Weekend Bonus: This Is What We’re Up Against … Italian version

A reader named from Paolo wrote to me from Italy to recount an online debate he had with a doctor.  It’s very much like my recent go-round with the nutritionist.  Paolo translated the debate into English so I could enjoy the doctor’s ignorance.  Here’s a transcript so you can do likewise:

Doctor (to a reader):  Maureen, do not pay any attention to the articles found on websites which have not the slightest scientific foundation. Take your information from those who have no partisan interest and should not sell anything except health: public and then, not individuals who, for various reasons, are interested in selling something, sometimes just to have a reason to exist. INRAN, ISS, Ministry of Health … to name examples of Italian, or FDA or USDA for Anglophones are the references to follow. Everything else is … let’s say out of the scientific consensus.

Paolo: I see that you mention USDA and FDA as reliable sources of information on nutrition. Can you explain then why the obesity epidemic that devastated the U.S. started right after these organizations started to give official guidance on what to eat? Fault of the citizens who have not listened? Or deeply wrong directions (for example, the restriction of fat and the subsequent increased consumption of carbohydrates)?

My answer is implicit in the question, I would like to have an interpretation of the curious phenomenon.

Doctor: The obesity epidemic in the US is now experiencing is a tragic situation but it has certainly not exploded after the guidelines. Indeed, the guidelines were made just to put a stop to this. Even when Ancel Keys began the Seven Country Study Americans were concerned about the large number of cardiovascular diseases that afflicted the country, while this disease was unknown in Italy, as we were dying of hunger. Since then, the relationship between diet and a large number of diseases was clear and the recommendations are enacted. Not the opposite. It ‘s a bit like saying, since there are dentists man has more cavities. The recommendations are not deeply wrong, but if you believe that they are, please try to convince the scientific community.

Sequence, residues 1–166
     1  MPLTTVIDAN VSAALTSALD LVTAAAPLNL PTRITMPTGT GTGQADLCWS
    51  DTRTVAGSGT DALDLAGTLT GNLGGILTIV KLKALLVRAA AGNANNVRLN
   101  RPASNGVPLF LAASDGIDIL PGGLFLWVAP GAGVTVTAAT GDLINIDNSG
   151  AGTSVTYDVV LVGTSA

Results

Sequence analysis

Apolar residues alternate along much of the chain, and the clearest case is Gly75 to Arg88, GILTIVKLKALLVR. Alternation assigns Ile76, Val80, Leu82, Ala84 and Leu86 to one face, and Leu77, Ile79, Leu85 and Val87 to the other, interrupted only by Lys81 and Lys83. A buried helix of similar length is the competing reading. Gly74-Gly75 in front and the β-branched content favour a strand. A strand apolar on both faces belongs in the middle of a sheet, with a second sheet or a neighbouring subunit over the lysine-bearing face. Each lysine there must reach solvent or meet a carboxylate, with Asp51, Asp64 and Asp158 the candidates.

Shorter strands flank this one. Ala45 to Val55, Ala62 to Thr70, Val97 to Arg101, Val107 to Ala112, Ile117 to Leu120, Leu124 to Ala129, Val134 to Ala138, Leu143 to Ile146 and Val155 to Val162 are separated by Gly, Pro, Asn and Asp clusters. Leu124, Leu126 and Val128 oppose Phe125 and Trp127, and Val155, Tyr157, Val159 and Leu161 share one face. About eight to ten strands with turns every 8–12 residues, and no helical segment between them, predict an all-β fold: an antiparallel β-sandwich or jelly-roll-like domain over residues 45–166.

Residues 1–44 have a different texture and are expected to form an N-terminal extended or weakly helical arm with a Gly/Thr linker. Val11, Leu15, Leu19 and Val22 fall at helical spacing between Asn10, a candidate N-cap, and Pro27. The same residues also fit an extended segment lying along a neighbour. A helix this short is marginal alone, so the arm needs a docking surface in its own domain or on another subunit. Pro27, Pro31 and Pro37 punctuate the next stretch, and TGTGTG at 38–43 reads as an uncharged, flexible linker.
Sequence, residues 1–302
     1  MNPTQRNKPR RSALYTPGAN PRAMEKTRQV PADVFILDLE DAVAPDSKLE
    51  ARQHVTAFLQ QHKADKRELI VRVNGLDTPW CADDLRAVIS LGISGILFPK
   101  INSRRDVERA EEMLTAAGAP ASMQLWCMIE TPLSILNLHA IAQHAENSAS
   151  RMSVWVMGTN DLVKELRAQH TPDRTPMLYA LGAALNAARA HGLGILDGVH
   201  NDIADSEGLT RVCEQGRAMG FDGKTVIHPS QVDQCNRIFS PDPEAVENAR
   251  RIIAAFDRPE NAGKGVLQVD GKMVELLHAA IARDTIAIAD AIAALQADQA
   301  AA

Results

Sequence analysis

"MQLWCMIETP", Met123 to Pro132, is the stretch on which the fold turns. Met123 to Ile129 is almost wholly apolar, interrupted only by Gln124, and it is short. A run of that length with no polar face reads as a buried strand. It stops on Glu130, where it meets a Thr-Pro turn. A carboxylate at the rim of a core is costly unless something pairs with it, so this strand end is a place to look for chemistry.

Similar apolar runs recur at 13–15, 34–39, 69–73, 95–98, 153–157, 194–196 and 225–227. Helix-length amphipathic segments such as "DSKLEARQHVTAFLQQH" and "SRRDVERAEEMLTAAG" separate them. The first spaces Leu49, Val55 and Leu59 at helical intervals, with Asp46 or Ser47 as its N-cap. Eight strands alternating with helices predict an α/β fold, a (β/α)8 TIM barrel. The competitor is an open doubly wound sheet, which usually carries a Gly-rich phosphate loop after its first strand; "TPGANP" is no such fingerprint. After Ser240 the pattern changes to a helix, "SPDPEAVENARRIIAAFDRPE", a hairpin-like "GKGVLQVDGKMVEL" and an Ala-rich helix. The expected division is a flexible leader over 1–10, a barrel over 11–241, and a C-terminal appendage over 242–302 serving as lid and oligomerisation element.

Paolo: The first official guidance on what to eat came in 1977 (McGovern Commission). The famous cover of Time with the sad eggs is of ’84. Obesity has rocketed up since the ’80s, as shown here. You can’t deny that official statements have not brought the expected results (yes, you can to say that without the signs they would have gone worse, but it would be profoundly dishonest)

The famous Seven Country Studies was really about 20 countries, but Mr. Keys has chosen to ignore data that did not contribute to the demonstration of his conjecture (for example, has failed to consider the data of France and Switzerland where, despite a fat intake saturated well above the average, had an incidence of cardiovascular disease by far the lowest).

All this has led to an incredibly reckless campaign against animal fats, so that many have been consuming artificial trans fatty acids (oh my god…). It also has allowed pharmaceutical companies to make billions of dollars on anti-cholesterol drugs, which nobody has ever been able to demonstrate the effectiveness in preventing heart attacks (I know that doctors advise them to healthy people of 40 years because “who knows what can happen”).